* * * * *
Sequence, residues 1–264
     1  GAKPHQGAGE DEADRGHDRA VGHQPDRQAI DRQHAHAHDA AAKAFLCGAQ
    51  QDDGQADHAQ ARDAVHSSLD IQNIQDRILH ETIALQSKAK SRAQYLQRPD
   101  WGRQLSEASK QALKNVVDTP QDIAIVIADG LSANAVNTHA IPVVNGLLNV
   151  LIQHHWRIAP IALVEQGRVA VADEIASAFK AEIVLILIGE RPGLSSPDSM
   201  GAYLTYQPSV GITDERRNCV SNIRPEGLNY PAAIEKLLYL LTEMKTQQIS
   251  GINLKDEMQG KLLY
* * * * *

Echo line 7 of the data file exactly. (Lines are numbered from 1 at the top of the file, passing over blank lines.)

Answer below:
   251  GINLKDEMQG KLLY